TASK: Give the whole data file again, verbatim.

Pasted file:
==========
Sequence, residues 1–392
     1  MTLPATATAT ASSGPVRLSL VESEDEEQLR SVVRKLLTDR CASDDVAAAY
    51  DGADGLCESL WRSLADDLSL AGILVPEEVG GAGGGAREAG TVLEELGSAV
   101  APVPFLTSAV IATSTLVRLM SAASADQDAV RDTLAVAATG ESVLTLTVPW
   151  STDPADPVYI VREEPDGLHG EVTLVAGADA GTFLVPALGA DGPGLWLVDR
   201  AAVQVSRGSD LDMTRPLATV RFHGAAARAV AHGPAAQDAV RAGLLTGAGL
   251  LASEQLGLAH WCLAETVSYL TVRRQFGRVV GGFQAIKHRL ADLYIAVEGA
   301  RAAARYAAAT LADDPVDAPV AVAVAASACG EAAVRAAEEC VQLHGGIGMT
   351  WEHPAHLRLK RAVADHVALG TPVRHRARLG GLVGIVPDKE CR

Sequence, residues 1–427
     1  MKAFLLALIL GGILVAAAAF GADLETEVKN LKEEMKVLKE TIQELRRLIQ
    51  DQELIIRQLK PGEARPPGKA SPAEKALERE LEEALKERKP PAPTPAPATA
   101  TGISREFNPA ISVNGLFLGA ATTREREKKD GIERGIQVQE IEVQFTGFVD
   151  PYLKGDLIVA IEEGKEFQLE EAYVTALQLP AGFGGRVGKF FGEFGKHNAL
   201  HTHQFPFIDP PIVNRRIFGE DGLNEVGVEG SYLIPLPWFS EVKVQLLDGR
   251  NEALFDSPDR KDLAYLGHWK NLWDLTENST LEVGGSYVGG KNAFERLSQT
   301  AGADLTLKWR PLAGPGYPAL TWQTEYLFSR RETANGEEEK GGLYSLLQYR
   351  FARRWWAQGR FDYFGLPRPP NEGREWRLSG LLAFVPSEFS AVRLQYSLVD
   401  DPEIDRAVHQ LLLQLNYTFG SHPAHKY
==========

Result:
Sequence, residues 1–392
     1  MTLPATATAT ASSGPVRLSL VESEDEEQLR SVVRKLLTDR CASDDVAAAY
    51  DGADGLCESL WRSLADDLSL AGILVPEEVG GAGGGAREAG TVLEELGSAV
   101  APVPFLTSAV IATSTLVRLM SAASADQDAV RDTLAVAATG ESVLTLTVPW
   151  STDPADPVYI VREEPDGLHG EVTLVAGADA GTFLVPALGA DGPGLWLVDR
   201  AAVQVSRGSD LDMTRPLATV RFHGAAARAV AHGPAAQDAV RAGLLTGAGL
   251  LASEQLGLAH WCLAETVSYL TVRRQFGRVV GGFQAIKHRL ADLYIAVEGA
   301  RAAARYAAAT LADDPVDAPV AVAVAASACG EAAVRAAEEC VQLHGGIGMT
   351  WEHPAHLRLK RAVADHVALG TPVRHRARLG GLVGIVPDKE CR

Sequence, residues 1–427
     1  MKAFLLALIL GGILVAAAAF GADLETEVKN LKEEMKVLKE TIQELRRLIQ
    51  DQELIIRQLK PGEARPPGKA SPAEKALERE LEEALKERKP PAPTPAPATA
   101  TGISREFNPA ISVNGLFLGA ATTREREKKD GIERGIQVQE IEVQFTGFVD
   151  PYLKGDLIVA IEEGKEFQLE EAYVTALQLP AGFGGRVGKF FGEFGKHNAL
   201  HTHQFPFIDP PIVNRRIFGE DGLNEVGVEG SYLIPLPWFS EVKVQLLDGR
   251  NEALFDSPDR KDLAYLGHWK NLWDLTENST LEVGGSYVGG KNAFERLSQT
   301  AGADLTLKWR PLAGPGYPAL TWQTEYLFSR RETANGEEEK GGLYSLLQYR
   351  FARRWWAQGR FDYFGLPRPP NEGREWRLSG LLAFVPSEFS AVRLQYSLVD
   401  DPEIDRAVHQ LLLQLNYTFG SHPAHKY